With the trend in the global oil market, crude oil price is set to end the nightmare of producers following the decreasing United States’ inventories, coupled with expectations that the gradual relaxation of lockdowns by countries would improve demand.
Apart from easing of the lockdowns by countries, the price is also being lifted by signs that the United States crude glut is not growing as quickly as expected after the COVID-19 pandemic had caused it to slump to a two-decade low.
The increases are, however, a modest but marked recovery from the nosedive of US crude futures for May to as much as $40 into the negative on April 20 – an unprecedented plunge below zero that traders had not previously believed was possible.
Brent futures had also tanked to below $20 a barrel
While the US President Donald Trump said his administration would soon release a plan to help US oil companies, Treasury Secretary, Mr. Steven Mnuchin, said the help could include adding millions of barrels of oil to national reserves.
Western Europe’s largest oil producer, Norway, said it would lower output from June to December, cutting production for the first time in 18 years as it joined other major producers in action aimed at supporting prices and curbing oversupply.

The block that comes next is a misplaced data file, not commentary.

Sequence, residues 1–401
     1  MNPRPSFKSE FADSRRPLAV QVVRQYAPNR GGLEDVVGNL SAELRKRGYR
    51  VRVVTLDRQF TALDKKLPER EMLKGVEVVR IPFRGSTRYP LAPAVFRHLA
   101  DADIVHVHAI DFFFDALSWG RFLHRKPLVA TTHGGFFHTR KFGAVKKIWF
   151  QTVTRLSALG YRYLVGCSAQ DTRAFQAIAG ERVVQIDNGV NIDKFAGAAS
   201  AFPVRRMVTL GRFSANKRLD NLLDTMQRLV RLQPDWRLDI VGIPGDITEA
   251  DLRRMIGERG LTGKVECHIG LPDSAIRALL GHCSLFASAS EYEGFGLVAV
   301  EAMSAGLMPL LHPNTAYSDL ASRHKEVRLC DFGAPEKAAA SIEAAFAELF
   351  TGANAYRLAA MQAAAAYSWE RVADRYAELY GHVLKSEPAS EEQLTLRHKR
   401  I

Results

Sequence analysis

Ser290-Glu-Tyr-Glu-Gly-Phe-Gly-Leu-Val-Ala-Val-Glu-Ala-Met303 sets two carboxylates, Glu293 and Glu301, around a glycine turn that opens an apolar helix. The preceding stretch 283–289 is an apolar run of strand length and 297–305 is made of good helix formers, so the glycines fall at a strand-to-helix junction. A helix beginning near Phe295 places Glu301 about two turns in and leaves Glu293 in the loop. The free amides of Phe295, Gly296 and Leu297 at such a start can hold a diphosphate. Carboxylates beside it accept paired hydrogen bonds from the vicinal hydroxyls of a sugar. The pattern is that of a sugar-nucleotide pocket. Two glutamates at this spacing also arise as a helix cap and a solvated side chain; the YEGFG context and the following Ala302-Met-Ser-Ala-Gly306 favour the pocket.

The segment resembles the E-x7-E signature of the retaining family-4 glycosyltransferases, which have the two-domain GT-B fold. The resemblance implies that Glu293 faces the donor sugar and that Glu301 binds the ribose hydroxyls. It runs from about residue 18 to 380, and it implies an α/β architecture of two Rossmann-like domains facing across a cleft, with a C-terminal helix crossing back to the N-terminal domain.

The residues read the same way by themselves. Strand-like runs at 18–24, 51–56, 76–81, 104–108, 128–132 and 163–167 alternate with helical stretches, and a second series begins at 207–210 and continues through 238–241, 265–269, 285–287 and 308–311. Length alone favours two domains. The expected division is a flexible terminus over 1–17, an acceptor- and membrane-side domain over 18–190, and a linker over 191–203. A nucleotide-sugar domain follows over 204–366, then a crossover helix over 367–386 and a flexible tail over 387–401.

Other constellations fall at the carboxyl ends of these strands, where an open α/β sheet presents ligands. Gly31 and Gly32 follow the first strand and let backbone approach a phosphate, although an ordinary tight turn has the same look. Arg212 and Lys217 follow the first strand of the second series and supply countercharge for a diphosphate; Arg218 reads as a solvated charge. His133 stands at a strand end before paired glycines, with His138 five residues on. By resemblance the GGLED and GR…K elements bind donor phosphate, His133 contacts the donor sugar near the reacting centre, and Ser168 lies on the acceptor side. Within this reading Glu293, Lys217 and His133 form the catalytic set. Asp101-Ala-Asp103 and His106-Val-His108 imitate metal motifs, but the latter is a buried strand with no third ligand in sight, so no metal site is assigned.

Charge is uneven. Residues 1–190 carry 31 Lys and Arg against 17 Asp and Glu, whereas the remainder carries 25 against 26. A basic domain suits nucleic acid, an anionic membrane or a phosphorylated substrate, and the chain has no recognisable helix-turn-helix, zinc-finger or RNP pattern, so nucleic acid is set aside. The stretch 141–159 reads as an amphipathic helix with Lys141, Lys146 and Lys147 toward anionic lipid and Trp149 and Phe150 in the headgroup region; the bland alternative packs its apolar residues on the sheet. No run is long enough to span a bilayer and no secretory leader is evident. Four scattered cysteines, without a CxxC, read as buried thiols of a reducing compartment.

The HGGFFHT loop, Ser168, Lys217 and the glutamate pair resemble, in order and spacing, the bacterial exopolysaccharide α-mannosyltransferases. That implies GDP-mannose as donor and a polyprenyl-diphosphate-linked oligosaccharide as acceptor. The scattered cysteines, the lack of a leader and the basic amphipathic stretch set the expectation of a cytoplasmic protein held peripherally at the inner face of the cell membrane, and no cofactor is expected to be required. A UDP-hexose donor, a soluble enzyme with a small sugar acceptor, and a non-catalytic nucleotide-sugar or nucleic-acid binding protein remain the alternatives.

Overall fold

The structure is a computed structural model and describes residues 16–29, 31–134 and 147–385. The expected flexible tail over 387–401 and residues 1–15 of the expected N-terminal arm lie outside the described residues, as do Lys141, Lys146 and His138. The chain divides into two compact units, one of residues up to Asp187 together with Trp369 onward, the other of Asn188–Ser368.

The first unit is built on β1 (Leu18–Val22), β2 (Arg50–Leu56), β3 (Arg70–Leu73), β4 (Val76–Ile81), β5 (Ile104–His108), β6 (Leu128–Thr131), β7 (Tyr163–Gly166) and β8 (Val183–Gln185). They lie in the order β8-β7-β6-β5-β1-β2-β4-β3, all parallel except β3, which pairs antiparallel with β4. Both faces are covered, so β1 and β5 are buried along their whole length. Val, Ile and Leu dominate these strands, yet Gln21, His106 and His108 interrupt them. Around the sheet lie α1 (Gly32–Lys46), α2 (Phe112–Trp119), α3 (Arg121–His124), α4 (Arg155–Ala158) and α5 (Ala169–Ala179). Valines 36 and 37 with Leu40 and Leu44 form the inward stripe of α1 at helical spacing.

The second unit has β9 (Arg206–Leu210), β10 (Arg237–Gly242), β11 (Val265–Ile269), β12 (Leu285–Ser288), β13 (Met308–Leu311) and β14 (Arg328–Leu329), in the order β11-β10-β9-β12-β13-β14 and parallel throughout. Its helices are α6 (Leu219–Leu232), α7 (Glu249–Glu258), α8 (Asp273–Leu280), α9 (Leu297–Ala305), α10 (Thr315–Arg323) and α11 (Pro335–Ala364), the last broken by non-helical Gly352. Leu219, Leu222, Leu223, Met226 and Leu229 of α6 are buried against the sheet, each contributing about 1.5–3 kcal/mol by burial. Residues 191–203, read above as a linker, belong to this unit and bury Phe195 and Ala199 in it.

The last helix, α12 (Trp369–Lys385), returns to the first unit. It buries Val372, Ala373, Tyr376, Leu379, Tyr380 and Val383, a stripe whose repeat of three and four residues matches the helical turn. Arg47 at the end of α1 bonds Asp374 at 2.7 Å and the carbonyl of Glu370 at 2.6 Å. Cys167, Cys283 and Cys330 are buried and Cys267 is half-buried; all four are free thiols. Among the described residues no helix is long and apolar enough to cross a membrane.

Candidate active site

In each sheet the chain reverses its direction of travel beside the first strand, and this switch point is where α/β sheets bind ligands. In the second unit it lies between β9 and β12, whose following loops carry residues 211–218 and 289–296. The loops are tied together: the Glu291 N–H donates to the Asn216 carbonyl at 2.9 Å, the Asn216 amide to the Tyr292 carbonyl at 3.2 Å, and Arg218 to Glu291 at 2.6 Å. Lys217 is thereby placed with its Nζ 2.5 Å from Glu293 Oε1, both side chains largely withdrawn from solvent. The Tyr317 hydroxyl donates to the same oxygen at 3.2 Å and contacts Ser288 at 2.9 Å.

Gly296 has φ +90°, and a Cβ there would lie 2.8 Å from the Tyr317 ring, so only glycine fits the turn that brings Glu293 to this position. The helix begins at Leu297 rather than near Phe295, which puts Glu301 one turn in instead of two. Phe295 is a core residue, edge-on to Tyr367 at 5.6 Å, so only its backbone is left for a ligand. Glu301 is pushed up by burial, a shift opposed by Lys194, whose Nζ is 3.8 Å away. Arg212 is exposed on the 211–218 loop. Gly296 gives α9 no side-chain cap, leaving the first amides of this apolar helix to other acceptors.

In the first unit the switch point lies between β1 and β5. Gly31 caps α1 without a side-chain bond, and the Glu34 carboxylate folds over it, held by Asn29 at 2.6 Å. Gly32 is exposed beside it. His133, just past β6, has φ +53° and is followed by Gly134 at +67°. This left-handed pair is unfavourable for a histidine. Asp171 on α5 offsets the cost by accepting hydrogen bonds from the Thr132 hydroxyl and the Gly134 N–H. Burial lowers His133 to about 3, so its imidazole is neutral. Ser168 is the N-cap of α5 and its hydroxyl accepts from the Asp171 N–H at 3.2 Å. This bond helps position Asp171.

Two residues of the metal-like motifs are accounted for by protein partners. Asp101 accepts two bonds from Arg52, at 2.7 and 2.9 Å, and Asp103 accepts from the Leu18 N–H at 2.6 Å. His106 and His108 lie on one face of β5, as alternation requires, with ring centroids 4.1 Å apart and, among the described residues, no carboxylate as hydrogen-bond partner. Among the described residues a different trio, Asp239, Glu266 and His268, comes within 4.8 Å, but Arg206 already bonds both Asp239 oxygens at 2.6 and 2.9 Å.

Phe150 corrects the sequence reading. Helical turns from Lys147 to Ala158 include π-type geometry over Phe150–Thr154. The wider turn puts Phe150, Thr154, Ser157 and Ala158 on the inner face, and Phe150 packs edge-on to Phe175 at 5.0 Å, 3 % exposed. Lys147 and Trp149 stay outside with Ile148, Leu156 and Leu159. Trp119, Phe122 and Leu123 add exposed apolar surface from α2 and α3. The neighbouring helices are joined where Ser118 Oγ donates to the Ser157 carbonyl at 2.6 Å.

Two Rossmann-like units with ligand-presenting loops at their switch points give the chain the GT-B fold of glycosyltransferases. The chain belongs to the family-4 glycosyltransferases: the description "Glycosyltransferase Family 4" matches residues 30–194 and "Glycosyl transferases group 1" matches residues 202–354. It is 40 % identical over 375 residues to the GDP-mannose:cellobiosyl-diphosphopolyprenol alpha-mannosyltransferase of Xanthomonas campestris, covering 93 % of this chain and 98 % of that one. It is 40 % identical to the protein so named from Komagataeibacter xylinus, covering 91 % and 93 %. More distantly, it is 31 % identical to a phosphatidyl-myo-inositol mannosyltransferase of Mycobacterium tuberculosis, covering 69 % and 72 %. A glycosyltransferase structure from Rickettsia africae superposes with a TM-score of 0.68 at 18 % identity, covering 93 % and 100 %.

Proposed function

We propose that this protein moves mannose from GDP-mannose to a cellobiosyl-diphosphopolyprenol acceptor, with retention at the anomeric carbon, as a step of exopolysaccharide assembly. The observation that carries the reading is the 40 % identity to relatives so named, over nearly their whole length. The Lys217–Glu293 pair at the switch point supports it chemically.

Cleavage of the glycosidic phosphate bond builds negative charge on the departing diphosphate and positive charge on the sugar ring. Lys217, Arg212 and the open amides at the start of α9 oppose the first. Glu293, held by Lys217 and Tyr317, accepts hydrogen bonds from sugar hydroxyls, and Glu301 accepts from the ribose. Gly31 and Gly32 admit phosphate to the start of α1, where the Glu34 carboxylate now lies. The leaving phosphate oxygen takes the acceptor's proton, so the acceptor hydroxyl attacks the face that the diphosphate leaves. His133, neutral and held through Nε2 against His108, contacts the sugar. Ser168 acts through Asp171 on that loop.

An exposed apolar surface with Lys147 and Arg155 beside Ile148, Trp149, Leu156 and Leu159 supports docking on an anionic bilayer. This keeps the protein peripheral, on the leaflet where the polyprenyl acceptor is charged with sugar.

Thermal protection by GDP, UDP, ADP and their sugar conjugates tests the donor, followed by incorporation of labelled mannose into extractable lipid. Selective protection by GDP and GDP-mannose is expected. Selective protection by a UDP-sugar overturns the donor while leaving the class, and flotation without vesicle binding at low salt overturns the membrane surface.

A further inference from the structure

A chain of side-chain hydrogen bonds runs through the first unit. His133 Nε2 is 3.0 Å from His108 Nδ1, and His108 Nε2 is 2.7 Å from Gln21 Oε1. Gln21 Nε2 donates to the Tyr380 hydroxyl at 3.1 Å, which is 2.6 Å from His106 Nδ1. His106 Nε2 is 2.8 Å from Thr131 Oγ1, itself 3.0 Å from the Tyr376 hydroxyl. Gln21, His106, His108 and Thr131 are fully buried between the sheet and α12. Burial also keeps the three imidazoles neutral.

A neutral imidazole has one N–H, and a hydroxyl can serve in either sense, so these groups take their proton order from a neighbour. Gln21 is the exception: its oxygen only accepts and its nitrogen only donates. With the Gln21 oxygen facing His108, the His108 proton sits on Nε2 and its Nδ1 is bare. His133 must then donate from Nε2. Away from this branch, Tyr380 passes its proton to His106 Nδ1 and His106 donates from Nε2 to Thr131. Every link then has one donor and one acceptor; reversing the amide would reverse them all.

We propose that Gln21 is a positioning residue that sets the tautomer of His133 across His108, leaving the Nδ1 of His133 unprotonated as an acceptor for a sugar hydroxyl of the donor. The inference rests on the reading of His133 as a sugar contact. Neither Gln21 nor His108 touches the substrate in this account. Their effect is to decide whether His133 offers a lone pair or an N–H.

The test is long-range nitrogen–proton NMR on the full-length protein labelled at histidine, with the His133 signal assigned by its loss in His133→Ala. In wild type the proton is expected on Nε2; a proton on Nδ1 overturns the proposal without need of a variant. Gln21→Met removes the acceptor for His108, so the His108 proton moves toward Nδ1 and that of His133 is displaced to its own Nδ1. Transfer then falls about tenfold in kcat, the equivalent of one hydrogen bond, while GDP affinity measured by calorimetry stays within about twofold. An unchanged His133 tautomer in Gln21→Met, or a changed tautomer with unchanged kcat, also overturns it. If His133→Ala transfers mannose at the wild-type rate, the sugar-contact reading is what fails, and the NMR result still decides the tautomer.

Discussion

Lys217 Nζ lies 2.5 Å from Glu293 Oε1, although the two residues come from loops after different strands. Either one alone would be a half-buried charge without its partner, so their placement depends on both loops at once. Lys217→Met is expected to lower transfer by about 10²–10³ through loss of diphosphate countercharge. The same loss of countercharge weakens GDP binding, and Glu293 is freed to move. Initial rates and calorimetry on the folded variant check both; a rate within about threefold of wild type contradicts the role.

OPEC and other oil-producing nations, a grouping known as OPEC+, agreed last month to cut output by a record amount, around 10 per cent of global supply, to support oil prices.
The agreed cuts took effect from May 1.
Even before May 1, Kuwait said it had begun reducing oil supply to the international market without waiting for the deal agreed to take off.
In addition to the OPEC+ deal, other producers were also pledging reductions.
With countries that have lockdown measures in place accounting for more than 90 per cent of last year’s oil demand, there are hopes of demand recovery as these countries reportedly moved to ease lockdowns.
An OPEC-led supply pact had initially collapsed on March 6, temporarily ending three years of cooperation and starting a battle for market share.
This free-for-all lasted until the producers, known as OPEC+, agreed to a new cutback from May 1.
The resulting glut compounded the hit to prices that the COVID-19 outbreak was having on demand, sending oil to a 21-year low below $16 a barrel this month.
IMF Transfers $3.4bn Emergency Fund to CBN
Meanwhile, the International Monetary Fund yesterday said it had disbursed to the Central Bank of Nigeria (CBN) the $3.4 billion assistance it recently approved to help Nigeria address its current economic crisis.